MCALLEN, Texas — U.S. Drug Enforcement Administration Agents received weapons from Colombian paramilitary terrorist groups for personal use and engaged in wild sex parties as if they were teens on Spring Break, yet rather than face stiff punishment, they either got a slap on the wrist or were given promotions.
The longtime practice of ignoring this wild behavior brought DEA leadership under fire from a U.S. Congressional Oversight Investigation.
Michele Leonhart, the top official in the DEA, testified before the committee trying to defend her agency and her actions; however, given the wild nature of the allegations, her testimony did little to appease the committee. Read Leonhart’s testimony here.
Agents assigned to foreign posts in order to conduct investigations into major drug cartels engaged in wild parties with prostitutes dating back to 2001, and obtained weapons from the Colombian Paramilitary groups, according to a report by the U.S. Department of Justice Office of Inspector General.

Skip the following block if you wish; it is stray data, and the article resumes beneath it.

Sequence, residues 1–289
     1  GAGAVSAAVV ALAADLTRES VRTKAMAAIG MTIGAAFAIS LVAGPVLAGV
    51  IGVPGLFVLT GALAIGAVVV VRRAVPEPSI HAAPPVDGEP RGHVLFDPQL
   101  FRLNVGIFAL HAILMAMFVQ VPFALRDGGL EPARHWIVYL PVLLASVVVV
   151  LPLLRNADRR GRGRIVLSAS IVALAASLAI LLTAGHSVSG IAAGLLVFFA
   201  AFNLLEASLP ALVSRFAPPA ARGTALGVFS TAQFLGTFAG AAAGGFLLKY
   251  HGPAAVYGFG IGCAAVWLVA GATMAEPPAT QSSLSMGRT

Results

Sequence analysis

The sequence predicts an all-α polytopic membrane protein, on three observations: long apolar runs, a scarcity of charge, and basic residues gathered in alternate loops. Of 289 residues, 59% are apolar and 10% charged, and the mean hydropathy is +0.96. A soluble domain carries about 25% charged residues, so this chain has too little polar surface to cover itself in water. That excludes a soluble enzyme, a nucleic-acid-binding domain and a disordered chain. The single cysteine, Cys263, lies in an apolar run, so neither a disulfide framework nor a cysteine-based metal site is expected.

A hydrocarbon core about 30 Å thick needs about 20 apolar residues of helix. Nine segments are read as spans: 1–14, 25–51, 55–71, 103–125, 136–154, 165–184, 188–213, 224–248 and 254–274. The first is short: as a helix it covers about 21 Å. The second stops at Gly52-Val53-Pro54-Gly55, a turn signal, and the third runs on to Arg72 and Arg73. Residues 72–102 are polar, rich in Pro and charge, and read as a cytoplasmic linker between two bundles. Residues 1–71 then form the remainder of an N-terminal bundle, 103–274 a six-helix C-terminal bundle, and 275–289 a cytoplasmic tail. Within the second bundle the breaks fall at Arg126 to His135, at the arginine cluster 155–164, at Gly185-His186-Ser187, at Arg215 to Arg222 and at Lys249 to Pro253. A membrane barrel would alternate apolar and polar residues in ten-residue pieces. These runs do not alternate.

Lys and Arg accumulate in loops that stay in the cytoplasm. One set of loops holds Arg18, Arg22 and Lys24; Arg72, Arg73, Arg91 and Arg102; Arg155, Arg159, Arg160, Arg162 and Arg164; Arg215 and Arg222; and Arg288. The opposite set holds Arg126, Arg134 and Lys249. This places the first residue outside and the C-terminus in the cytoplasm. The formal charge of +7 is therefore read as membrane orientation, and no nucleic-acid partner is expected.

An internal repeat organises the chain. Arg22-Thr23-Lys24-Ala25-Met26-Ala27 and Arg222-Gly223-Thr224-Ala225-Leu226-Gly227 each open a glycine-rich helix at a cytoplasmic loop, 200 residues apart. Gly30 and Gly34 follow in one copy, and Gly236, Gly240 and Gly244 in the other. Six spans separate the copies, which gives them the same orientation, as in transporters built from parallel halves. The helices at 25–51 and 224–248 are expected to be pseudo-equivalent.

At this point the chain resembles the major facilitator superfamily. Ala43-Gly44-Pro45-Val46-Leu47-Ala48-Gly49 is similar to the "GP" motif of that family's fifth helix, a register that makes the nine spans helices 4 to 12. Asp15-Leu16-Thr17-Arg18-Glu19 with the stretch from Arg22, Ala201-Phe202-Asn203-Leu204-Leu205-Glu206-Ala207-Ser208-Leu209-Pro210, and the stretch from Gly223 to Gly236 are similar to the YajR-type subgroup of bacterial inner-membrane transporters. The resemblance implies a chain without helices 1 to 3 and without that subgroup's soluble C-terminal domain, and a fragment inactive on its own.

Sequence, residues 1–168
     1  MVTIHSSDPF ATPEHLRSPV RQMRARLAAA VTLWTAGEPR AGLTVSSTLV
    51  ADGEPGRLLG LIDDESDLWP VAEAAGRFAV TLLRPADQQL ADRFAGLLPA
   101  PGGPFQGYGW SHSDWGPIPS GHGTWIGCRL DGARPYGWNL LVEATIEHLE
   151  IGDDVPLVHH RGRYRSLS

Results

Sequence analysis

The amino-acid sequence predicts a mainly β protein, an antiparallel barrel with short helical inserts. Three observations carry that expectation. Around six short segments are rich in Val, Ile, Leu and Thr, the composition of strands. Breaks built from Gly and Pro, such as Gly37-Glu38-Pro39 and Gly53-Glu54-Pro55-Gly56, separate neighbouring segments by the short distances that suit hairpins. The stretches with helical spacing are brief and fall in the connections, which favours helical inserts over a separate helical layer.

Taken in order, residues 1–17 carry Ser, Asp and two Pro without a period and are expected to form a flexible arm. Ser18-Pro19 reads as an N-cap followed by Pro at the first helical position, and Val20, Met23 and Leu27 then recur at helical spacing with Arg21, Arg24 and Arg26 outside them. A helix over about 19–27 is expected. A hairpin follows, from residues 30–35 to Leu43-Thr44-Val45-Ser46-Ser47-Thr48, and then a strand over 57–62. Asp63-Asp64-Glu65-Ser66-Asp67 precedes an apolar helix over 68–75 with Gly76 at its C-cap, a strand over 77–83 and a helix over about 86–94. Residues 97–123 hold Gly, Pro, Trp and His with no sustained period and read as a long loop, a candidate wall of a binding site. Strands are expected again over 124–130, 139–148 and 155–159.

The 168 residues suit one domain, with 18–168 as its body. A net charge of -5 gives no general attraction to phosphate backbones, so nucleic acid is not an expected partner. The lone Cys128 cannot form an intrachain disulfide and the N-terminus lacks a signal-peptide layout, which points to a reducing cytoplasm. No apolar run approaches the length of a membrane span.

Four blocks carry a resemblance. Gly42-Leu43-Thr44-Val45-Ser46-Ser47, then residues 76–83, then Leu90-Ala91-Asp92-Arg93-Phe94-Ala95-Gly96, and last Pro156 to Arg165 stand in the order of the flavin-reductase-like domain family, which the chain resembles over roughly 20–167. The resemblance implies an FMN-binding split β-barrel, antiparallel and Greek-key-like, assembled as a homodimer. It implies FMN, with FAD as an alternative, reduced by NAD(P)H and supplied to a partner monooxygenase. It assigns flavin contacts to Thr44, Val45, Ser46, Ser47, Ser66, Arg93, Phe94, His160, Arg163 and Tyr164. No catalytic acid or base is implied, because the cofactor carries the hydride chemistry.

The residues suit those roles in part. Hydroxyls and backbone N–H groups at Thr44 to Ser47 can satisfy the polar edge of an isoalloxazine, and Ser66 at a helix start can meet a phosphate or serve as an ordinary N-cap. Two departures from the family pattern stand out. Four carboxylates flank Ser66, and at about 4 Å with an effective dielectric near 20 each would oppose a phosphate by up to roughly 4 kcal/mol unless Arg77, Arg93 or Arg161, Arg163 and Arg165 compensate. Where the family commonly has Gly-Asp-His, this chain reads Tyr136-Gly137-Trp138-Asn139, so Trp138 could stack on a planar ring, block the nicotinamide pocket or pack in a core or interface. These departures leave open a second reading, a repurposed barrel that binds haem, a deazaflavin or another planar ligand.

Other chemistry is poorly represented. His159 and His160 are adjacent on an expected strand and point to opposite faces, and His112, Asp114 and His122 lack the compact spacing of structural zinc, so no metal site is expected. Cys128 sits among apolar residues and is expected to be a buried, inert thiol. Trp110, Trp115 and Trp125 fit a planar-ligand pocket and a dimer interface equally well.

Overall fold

In a summary of the allegations which the Congressional Oversight Committee focused on, one of the agents is listed as having received an AK-47 from the Autodefensas Unidas de Colombia (United Self-Defense Forces of Colombia) while another is listed as receiving various AK-47s from a “Para-military terrorist organization” after meeting one of their members in the jungle. The weapons were taken to the U.S. embassy.
Other violations included having intermediaries hire prostitutes for agents from the Bogota DEA office for 15 to 20 parties, and asking one of the individuals named in the report to stay at the parties, watching over the agents’ weapons and personal belongings, while the agents had sex with the prostitutes.
Other allegations of misconduct point to the agents paying for sex parties with federal funds allocated for drug enforcement operations. The report noted that the married agents were the ones that were “out of control” when it came to having sex with prostitutes and strippers.
In regards to punishment, of 10 agents listed in the summary used by the congressional oversight committee, the harshest punishment was a 10 day suspension. Other punishments included 3-day- suspensions, a 1-day suspension, and three agents suffering no punishment at all. Of those three, one was cleared, one was given a written reprimand, and one had his case closed upon retirement.